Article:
In the examples 301-304 shown in FIG. 3, the initial transmission is referred to as the first transmission, and subsequent retransmissions are referred to as the 2nd through Nth transmissions. In this case (N−1) retries are allowed, or N total transmissions. An alternate embodiment could label the initial transmission as a 0th transmission and the retransmissions as the 1st through Nth retransmissions, giving a total of N+1 transmissions.

In a first example 301, a data frame is successfully received after an initial transmission using an immediate-ACK policy. 301. In this example, a source device sends a first data frame to a destination device a first time 310 1, and this data frame is successfully received.

After an ACK time out period 340 elapses after sending the first data frame the first time 310 1, the source device receives an acknowledgement frame 320 from the destination device acknowledging receipt of the first data frame. Then after waiting for a next packet delay period 355, the source device sends a second data frame 330 to the destination device.

In a second example 302, a data frame is successfully received after a first retransmission using an immediate-ACK policy. In this example, a source device sends a first data frame to a destination device a first time 310 1, which is not successfully received.

After waiting for a retry wait time 350, the source device transmits the data frame a second time 310 2, also using an immediate-ACK policy. This time, after waiting for an ACK time out period 340, the source device receives an acknowledgement frame 320 from the destination device, acknowledging receipt of the second transmission 310 2 (i.e., the first retransmission) of the first data frame, and having an ACK duration 345. Then after waiting for a next packet delay period 355, the source device sends a second data frame 330 to the destination device.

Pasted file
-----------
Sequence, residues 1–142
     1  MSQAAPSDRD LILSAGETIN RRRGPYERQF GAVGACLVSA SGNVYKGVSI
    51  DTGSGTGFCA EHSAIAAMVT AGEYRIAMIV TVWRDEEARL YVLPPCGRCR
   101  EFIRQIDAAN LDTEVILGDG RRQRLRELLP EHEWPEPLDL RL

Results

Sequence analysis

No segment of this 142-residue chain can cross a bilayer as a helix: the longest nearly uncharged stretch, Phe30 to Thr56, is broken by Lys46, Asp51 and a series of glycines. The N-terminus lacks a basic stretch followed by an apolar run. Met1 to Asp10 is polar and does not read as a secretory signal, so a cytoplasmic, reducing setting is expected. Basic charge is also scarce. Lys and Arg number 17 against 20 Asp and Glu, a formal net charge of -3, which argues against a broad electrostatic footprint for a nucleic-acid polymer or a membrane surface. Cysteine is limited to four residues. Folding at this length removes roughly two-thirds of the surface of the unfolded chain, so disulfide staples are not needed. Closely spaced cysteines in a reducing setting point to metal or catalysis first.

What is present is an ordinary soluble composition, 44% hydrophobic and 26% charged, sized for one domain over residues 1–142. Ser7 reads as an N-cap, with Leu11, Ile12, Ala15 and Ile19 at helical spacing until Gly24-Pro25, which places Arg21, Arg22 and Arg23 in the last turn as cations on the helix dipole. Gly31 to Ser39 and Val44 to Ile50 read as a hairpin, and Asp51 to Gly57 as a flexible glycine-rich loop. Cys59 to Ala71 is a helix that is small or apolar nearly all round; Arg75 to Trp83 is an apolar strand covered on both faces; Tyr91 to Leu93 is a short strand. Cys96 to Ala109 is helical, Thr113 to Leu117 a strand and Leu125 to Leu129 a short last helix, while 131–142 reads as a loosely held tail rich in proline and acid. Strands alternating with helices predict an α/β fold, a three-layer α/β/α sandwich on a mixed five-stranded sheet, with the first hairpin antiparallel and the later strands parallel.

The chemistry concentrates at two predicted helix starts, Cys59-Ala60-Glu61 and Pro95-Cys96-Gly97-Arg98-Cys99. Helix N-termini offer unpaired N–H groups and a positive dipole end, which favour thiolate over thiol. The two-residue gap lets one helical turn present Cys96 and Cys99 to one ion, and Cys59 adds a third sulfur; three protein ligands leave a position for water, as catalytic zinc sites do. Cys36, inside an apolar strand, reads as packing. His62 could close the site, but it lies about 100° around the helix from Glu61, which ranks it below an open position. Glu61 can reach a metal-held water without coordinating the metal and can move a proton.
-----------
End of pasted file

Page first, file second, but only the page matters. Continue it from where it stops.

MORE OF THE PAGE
Although the second example 302 discloses that the first data frame is successfully received after the second transmission 310 2, alternate examples could have up to N retry attempts used before a successful receipt. In such a case, each retry attempt will involve waiting for a retry wait time 350 and sending a new transmission of the first data frame, and the last, successful retry attempt will end with waiting for an ACK time out period 340, an ACK duration 345, and a next packet delay 355.

In a third example 303, a data frame is initially sent and then retransmitted (N−1) times using an immediate-ACK policy, but is never successfully received. Each time the source device transmits the data frame it does so using an immediate-ACK policy.

After each of the first through (N−1)th data frame transmissions for the first data frame 310 1, 310 2, 310 3, etc., the source device waits for the retry wait time 350 before resending the first data frame the next time. The act of retransmitting the data frame allows the source device to cut short the immediate ACK procedure when it receives no acknowledgement frame.

However, after the Nth transmission of the first data frame 310 N, the protocol allows no more retries for sending the first data frame (i.e., it has reached the retry limit of (N−1)). As a result, the source device must wait for the entire immediate ACK time 370 before sending the second data frame 330. This delay includes the ACK time out period 340, the ACK duration 345 and the next packet delay time 355.

In a fourth example 304, a data frame is initially sent and then retransmitted (N−2) times using an immediate-ACK acknowledgement policy. When it is resent the (N−1)th time (i.e., the Nth transmission total), however, it is sent using a no-ACK policy.